"This Masquerade" by a mile. I am no fan of the formulaic Motown hit-factory songs, so that's one strike against the A-side--really dislike the original, dislike this one (perhaps a tiny bit less).

"This Masquerade," though, is a far more "intelligent" tune lyrically, and far better crafted in terms of songwriting. I like any version I've heard of it. This song also launched George Benson's pop vocal career. It just has that certain "something" that clicks for me.


I Know My First Name Is Stephen
Like both, but I think there's a lot more going on in "Postman" than it's usually given credit for. One of songs that maybe sounds "simple" until you start listening to all the layers.

My favourite part is towards the end. In the remix especially, listen out at 2:15 for the drum cadence by Karen which is eerily reminiscent of her work on Your Wonderful Parade.

A&M Retro

Well-Known Member
'This Masquerade" is top-notch class all the way, and it still sounds contemporary. But, as a single, "Please Mr. Postman" wins. I was in the 6th grade when it was released, and it was far and away the 'hit' of the school year. I remember girls from the junior high drill team borrowing my 45 to record it and they did a routine to it. Lol.


Well-Known Member
It's to bad that "This Masquerade" never charted, as this seems to be a Double-A side single, and Masquerade shows up on comps nearly as often as Postman. Even here in Canada it showed up as a Greatest Hit as early as 1978.


Well-Known Member
I can't decide. I like both equally. Postman is a better single track and fun to sing along to. Masquerade is a better turn off the lights and become emersed in the song track. I'm spoiling my ballot paper on this occasion.


Well-Known Member
I am listening to the
Sweet Sixteen CD,
and, of course, the stellar
.....Please Mr. Postman......

I realize I've brought this up before, but this entire version--the Single--
sounds like an entirely different Lead vocal than that found on the Horizon LP.

As I compare each version through and through, side by side,
it still seems as if--to my ears--these are two entirely different Lead Vocals.

But....apparently not....

A&M Retro

Well-Known Member
Just the first two lines are different. Karen sings the first two lines with much more gusto on the single mix. She also uses the Matt Munro style of vocalizing on the album version when she sings the word, 'Postman' in the first line. The rest the vocal track sounds the same to me.


I Know My First Name Is Stephen
Just the first two lines are different. Karen sings the first two lines with much more gusto on the single mix. She also uses the Matt Munro style of vocalizing on the album version when she sings the word, 'Postman' in the first line. The rest the vocal track sounds the same to me.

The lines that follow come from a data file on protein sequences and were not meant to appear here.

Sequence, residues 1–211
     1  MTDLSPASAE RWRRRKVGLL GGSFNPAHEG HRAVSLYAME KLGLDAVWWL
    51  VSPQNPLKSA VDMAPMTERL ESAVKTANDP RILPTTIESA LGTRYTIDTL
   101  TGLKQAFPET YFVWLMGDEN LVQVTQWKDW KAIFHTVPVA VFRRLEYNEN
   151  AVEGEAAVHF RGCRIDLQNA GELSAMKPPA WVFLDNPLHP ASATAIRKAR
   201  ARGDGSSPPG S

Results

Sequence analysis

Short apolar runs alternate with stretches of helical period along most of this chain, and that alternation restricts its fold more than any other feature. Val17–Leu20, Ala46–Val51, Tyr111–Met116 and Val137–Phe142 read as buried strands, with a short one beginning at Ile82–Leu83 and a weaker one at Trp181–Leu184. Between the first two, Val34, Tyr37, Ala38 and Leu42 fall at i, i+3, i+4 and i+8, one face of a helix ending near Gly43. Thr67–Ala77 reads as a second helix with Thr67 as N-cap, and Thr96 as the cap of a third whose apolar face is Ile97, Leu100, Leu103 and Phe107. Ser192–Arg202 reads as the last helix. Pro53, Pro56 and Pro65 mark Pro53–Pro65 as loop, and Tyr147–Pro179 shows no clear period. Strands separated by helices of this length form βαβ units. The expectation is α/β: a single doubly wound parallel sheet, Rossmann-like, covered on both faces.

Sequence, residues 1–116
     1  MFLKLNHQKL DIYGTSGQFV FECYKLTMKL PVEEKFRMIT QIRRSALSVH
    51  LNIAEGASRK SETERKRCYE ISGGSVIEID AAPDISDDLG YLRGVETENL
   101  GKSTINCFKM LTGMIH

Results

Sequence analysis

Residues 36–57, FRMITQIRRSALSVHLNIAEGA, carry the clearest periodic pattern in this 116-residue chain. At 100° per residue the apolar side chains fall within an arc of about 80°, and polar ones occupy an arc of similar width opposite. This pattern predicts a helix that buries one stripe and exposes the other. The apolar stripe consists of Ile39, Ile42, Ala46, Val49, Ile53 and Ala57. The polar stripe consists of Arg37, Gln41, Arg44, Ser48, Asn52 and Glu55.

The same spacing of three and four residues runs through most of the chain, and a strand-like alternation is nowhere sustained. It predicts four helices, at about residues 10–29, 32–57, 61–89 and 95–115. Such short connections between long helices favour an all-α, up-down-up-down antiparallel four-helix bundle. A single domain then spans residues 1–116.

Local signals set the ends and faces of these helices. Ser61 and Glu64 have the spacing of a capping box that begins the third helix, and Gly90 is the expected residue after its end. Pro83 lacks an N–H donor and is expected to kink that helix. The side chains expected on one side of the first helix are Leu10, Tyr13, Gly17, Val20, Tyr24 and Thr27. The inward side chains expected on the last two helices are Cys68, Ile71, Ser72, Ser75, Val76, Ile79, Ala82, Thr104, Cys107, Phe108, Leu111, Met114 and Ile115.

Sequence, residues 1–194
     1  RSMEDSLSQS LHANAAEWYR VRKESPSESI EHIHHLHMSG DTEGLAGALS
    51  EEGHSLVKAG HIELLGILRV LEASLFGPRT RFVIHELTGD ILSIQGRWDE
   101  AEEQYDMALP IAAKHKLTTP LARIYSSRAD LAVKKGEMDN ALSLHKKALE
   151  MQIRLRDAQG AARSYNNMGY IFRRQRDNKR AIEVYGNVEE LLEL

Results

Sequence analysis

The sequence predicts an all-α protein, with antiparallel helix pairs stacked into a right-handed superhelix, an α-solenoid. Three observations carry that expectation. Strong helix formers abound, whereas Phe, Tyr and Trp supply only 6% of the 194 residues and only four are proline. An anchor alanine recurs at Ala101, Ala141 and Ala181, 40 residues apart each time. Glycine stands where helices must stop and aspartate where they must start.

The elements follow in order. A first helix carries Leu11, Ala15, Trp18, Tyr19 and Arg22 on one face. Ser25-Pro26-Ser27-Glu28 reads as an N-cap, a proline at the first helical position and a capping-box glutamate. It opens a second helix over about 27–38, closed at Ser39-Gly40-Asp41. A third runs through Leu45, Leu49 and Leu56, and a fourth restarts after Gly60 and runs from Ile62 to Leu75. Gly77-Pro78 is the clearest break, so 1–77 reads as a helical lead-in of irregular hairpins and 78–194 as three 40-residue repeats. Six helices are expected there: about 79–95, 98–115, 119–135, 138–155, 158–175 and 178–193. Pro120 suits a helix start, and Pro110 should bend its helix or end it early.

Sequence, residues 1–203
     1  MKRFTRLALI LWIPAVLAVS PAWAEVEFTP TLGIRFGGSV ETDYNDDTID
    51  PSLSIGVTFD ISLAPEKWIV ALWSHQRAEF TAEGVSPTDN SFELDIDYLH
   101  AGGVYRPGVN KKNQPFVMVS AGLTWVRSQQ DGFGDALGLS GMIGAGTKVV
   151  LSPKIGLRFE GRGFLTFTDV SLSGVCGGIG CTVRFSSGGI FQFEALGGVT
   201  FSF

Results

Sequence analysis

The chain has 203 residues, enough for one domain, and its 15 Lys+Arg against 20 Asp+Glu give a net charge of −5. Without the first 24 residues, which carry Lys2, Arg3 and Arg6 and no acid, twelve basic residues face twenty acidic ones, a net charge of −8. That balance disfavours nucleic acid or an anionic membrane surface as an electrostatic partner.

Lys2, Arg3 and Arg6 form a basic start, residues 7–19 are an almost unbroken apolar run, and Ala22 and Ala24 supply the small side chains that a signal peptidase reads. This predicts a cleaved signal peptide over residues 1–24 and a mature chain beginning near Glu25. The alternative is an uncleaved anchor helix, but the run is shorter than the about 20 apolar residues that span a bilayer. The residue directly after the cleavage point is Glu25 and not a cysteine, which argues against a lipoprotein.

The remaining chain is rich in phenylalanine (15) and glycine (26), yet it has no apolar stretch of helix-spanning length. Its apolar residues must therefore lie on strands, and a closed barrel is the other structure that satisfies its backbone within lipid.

I agree that the opening lines sound like a totally different take.


Well-Known Member
Please Mr. Postman is interesting !

So, when would a decision have been made to re-cut the first line ?
Presumably, the Single was cut and finished long before release of Horizon.

Had the duo always intended to re-cut the first line ?
Or, did the finishing of the entire album (finished sometime after March 1975)
necessitate a revision to the song ?

Mike Blakesley

Well-Known Member
Staff member
This one's easy for me...."This Masquerade." It's a better song and a better performance,in my book.

"Postman" is too repetitious and while it was nice (at the time) to see the Carpenters get a hit with an uptempo track, it has not worn well for me. I probably haven't listened to it on purpose in about 25 years.

As a single, though, I can see where "Postman" would be a hit and "Masquerade" would work better as an album track. It's just a matter of hooks..."Postman" has them, "Masquerade" does not. It doesn't have a singalong-type chorus the way a song like "Hurting Each Other" does... the only hook is the last line of the verses and it just sort of blends with the rest of the melody without standing out.

This is sounding like I'm dissing on "Masquerade," but I'm not... it's one of my favorite songs on that album. It's just not a radio-single type song.

Very interesting that, with my vote, the results on this poll are tied. Probably a first in these polls, eh?


Well-Known Member
Passings: Robert Bateman, Writer of "Please Mr. Postman", "Playboy", First Motown Engineer ~ VVN Music »
R.I.P. Robert Bateman Composer of Please Mr Postman »

"Robert Bateman
, one of the first employees at Motown and writer of Please Mr. Postman,
died on Wednesday morning after suffering a massive heart attack at the age of 80.
he partnered with Holland under the name Brianbert to write and produce the labels first number one record,
Please Mr. Postman for the Marvelettes.
The song later went on to become an even bigger hit for the Carpenters in the 70's."
Top Bottom